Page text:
Bluetooth

Likelihood that you'll miss it: 1/5

If your computer isn't equipped with a Bluetooth device, then you don't need to run the bluetooth daemon. Its only job is to wait for remote Bluetooth devices to connect, and pass on those connections to any Bluetooth management utilities that might be running, such as those provided by both Gnome and KDE. While Bluetooth hardware is commonly found on portable devices and laptops, there are relatively few desktop machines with this ability. For this reason, deciding whether to leave this daemon running or disabling it should be easy.

CUPS

Likelihood that you'll miss it: 2/5

CUPS is the printing daemon. It's responsible for picking up print jobs from the various applications you use and sending them to your printer. This obviously means that if you don't have a printer, you don't need to run CUPS.

GPM

Likelihood that you'll miss it: 1/5

All this daemon does is add mouse support for the pure console view. If you run a desktop, you're hardly ever going to need this facility. The only times you might need it is when you need to run your system at a lower runlevel, in which case it might make sense to enable it for runlevels 1 and 2, and not for 3 and 4.

KLogd

Likelihood that you'll miss it: 3/5

KLog is the process that creates your system logs. These are an essential part of any system, especially if your machine acts as some kind of server. But then you have to ask yourself when the last time you took a looked at those log files was. If the answer is 'never', you won't lose anything by disabling this daemon.

NTP

Likelihood that you'll miss it: 4/5

The Network Time Protocol will sync your local clock with the date and time on a couple of remote machines. It's a great way to keep your local time exactly right, and NTP will auto matically update your machine for daylight savings time.

Powersaved, Powernowd and Laptop-mode

Likelihood that you'll miss it: 4/5

These daemons are responsible for reducing the clock speed of your CPU when it's not being used. This is useful for laptop owners to get better battery life from their machines. But if you're after maximum performance, these aren't necessary, especially if your CPU doesn't support the stepping functionality. The laptop-mode daemon makes similar adjustments to the hard drive and can also lengthen the battery life of a laptop by setting the spin-down time to a longer duration, for example. If this functionality doesn't concern you, you can disable it.

Keep an eye on your system monitor - it's the only way you'll be able to tell if there's any advantage from disabling services.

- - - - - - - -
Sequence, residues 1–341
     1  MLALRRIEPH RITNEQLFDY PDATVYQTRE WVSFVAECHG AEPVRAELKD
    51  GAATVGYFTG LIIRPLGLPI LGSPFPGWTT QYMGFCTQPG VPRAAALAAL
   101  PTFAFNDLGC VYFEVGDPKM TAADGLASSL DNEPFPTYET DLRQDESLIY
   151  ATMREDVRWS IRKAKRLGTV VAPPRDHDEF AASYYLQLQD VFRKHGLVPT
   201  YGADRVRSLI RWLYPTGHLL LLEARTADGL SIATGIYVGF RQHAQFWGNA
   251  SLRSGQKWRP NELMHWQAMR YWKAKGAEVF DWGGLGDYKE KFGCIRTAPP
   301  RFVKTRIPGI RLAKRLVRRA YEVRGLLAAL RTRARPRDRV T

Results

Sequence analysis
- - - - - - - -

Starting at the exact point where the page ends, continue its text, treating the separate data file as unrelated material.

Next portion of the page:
Background processes

Services aren't the only anonymous tasks running on your system. Just type ps aux to see a list of running processes, or use the System Monitor tool for your desktop.

You'll see the usual suspects running as daemons with root ownership, and the number of processes running might surprise you. There are tasks that have started as your desktop launches, many of which will be a part of the desktop itself. Our standard Ubuntu installation running Gnome showed 36 such processes running, whereas OpenSUSE with the same desktop had 33.

Many of these processes handle things like the Gnome desktop, audio and the Nautilus file manager, but many others should be optional. For example, why would the GPhoto volume monitor need to run if you don't use GPhoto? A quick check on Mandriva reveals 38 similar processes, and while most are in a sleep state, they're still consuming memory. That might not be so important for the average user with 2GB of RAM, but if you try to install Ubuntu or OpenSUSE on an older machine, it could make all the difference.

One option is to kill those processes using either the System Monitor or the kill command. But Gnome has an excellent Session Manager, and this can be used to specify which processes you wa nt to launch when you log in. If you break something, you can always re-enable the task and try again. Another option might be to replace the process with something more efficient or even more functional. Ubuntu's default search tool, Tracker, is slow at building an index, and its search results aren't always the best.

Beagle, on the other hand, is a drop-in replacement for Tracker. It performs a better job, and takes more memory, but it's also more useful (which is probably why it's used by OpenSUSE 11). And that's the whole point of exorcising your daemons - to get rid of the stuff that you don't use so there's more space on your system for the stuff you do.

First published in Linux Format magazine